[1] Full terms of Convertible Preferred available at

 [2] A separate term sheet will be made available for participation in CAP for QFIs which are not publicly traded or are organized as S corporations.

[3] Full terms of Warrant available at

Gibson, Dunn & Crutcher LLP

Gibson Dunn has assembled a team of experts who are prepared to meet client needs as they arise in conjunction with the issues discussed above.  Please contact Michael Bopp (202-955-8256, [email protected]) in the firm’s Washington, D.C. office or any of the following members of the Financial Markets Crisis Group:

Public Policy Expertise
Mel Levine – Century City (310-557-8098, [email protected])
John F. Olson – Washington, D.C. (202-955-8522, [email protected])
Amy L. Goodman
– Washington, D.C. (202-955-8653, [email protected])
Alan Platt – Washington, D.C. (202- 887-3660, [email protected])
Michael Bopp – Washington, D.C. (202-955-8256, [email protected])

Securities Law and Corporate Governance Expertise
Ronald O. Mueller
– Washington, D.C. (202-955-8671, [email protected])
K. Susan Grafton – Washington, D.C. (202- 887-3554, [email protected])
Brian Lane – Washington, D.C. (202-887-3646, [email protected])
Lewis Ferguson – Washington, D.C. (202- 955-8249, [email protected])
Barry Goldsmith – Washington, D.C. (202- 955-8580, [email protected])
John H. Sturc
– Washington, D.C. (202-955-8243, [email protected])
Dorothee Fischer-Appelt – London (+44 20 7071 4224, [email protected])
Alan Bannister – New York (212-351-2310, [email protected])
Adam H. Offenhartz – New York (212-351-3808, [email protected])
Mark K. Schonfeld – New York (212-351-2433, [email protected])

Financial Institutions Law Expertise
Chuck Muckenfuss – Washington, D.C. (202- 955-8514, [email protected])
Christopher Bellini – Washington, D.C. (202- 887-3693, [email protected])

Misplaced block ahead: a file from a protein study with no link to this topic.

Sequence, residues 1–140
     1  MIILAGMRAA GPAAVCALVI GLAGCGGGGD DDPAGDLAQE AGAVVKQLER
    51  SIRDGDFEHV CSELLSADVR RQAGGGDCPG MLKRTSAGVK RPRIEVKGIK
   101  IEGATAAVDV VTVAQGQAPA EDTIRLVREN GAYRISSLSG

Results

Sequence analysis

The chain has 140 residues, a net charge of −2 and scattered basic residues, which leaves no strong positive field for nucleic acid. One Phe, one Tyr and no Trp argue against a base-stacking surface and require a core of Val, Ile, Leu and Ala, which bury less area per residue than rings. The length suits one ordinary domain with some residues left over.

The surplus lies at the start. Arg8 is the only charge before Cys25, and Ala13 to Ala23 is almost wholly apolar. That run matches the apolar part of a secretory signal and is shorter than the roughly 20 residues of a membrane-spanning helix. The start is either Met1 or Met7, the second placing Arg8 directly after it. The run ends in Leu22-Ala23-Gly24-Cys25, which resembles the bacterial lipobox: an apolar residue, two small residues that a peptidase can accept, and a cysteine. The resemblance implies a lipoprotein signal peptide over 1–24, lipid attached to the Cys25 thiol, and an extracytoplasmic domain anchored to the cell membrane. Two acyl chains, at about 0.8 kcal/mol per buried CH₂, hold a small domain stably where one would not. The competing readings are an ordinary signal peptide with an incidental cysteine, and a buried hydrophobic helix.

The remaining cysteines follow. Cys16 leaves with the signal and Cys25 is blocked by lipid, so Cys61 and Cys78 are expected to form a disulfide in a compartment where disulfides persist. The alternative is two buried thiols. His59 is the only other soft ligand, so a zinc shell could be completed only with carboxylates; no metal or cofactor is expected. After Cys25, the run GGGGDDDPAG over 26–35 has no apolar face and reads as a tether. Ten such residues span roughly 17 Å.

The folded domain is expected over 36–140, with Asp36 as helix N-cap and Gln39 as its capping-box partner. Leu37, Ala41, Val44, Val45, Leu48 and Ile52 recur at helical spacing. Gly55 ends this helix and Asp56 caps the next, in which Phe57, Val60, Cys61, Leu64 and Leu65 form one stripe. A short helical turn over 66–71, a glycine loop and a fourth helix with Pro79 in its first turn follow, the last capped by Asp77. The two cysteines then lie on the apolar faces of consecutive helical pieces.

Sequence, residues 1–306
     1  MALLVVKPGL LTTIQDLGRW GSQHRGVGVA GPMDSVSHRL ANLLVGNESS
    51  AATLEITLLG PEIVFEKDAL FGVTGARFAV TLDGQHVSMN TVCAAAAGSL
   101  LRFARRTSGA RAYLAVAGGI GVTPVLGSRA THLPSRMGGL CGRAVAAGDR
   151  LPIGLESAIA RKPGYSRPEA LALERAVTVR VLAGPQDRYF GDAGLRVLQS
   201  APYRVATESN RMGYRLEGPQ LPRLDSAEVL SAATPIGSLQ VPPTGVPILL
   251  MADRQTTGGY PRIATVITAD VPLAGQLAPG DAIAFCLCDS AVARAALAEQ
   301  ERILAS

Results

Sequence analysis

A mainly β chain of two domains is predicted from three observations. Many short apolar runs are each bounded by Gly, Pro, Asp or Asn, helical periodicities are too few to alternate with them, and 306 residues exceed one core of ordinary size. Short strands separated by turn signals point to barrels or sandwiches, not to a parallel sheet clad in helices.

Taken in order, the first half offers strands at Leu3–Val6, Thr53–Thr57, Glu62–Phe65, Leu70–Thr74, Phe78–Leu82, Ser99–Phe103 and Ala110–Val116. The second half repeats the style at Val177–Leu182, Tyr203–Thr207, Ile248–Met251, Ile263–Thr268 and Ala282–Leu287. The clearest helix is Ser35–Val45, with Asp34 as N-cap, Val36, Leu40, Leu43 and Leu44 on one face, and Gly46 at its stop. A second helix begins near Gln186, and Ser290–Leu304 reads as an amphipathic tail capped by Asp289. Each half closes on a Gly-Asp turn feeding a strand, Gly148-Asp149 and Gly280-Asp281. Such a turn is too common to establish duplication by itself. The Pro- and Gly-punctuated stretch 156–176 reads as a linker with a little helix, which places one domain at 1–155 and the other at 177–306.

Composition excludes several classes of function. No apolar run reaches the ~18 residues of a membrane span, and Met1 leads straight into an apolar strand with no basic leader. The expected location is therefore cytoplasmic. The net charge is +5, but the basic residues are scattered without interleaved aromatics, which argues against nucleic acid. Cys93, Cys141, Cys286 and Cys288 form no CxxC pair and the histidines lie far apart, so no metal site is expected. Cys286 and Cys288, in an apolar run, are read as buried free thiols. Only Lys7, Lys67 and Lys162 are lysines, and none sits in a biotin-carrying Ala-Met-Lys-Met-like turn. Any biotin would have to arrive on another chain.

Amy Rudnick – Washington, D.C. (202-955-8210, [email protected])
Rachel Couter – London (+44 20 7071 4217, [email protected])

Corporate Expertise
Howard Adler – Washington, D.C. (202- 955-8589, [email protected])
Richard Russo – Denver (303- 298-5715, [email protected])
Dennis Friedman – New York (212- 351-3900, [email protected])
Stephanie Tsacoumis – Washington, D.C. (202-955-8277, [email protected])
Robert Cunningham – New York (212-351-2308, [email protected])
Joerg Esdorn – New York (212-351-3851, [email protected])
Wayne P.J. McArdle – London (+44 20 7071 4237, [email protected])
Stewart McDowell – San Francisco (415-393-8322, [email protected])
C. William Thomas, Jr.
– Washington, D.C. (202-887-3735, [email protected])

Private Equity Expertise
E. Michael Greaney – New York (212-351-4065, [email protected])

Private Investment Funds Expertise
Edward Sopher – New York (212-351-3918, [email protected])
Jennifer Bellah Maguire – Los Angeles (213-229-7986, [email protected]

Real Estate Expertise
Jesse Sharf – Century City (310-552-8512, [email protected])
Alan Samson – London (+44 20 7071 4222, [email protected])
Andrew Levy – New York (212-351-4037, [email protected])
Fred Pillon – San Francisco (415-393-8241, [email protected])
Dennis Arnold – Los Angeles (213-229-7864, [email protected])
Michael F. Sfregola – Los Angeles (213-229-7558, [email protected])
Andrew Lance – New York (212-351-3871, [email protected])
Eric M. Feuerstein – New York (212-351-2323, [email protected])
David J. Furman – New York (212-351-3992, [email protected])

Crisis Management Expertise
Theodore J. Boutrous, Jr. – Los Angeles (213-229-7804, [email protected])

Bankruptcy Law Expertise
Michael Rosenthal – New York (212-351-3969, [email protected])
David M. Feldman – New York (212-351-2366, [email protected])

Oscar Garza – Orange County (949-451-3849, [email protected])
Craig H. Millet – Orange County (949-451-3986, [email protected])
Thomas M. Budd – London (+44 20 7071 4234, [email protected])
Gregory A. Campbell – London (+44 20 7071 4236, [email protected])
Janet M. Weiss – New York (212-351-3988, [email protected])
Matthew J. Williams – New York (212-351-2322, [email protected])
J. Eric Wise – New York (212-351-2620, [email protected])

Tax Law Expertise
Arthur D. Pasternak – Washington, D.C. (202-955-8582, [email protected])
Paul Issler – Los Angeles (213-229-7763, [email protected])

Executive and Incentive Compensation Expertise
Stephen W. Fackler – Palo Alto (650-849-5385, [email protected])
Charles F. Feldman – New York (212-351-3908, [email protected])
Michael J. Collins – Washington, D.C. (202-887-3551, [email protected])
Sean C. Feller – Los Angeles (213-229-7579, [email protected])
Amber Busuttil Mullen – Los Angeles (213-229-7023, [email protected]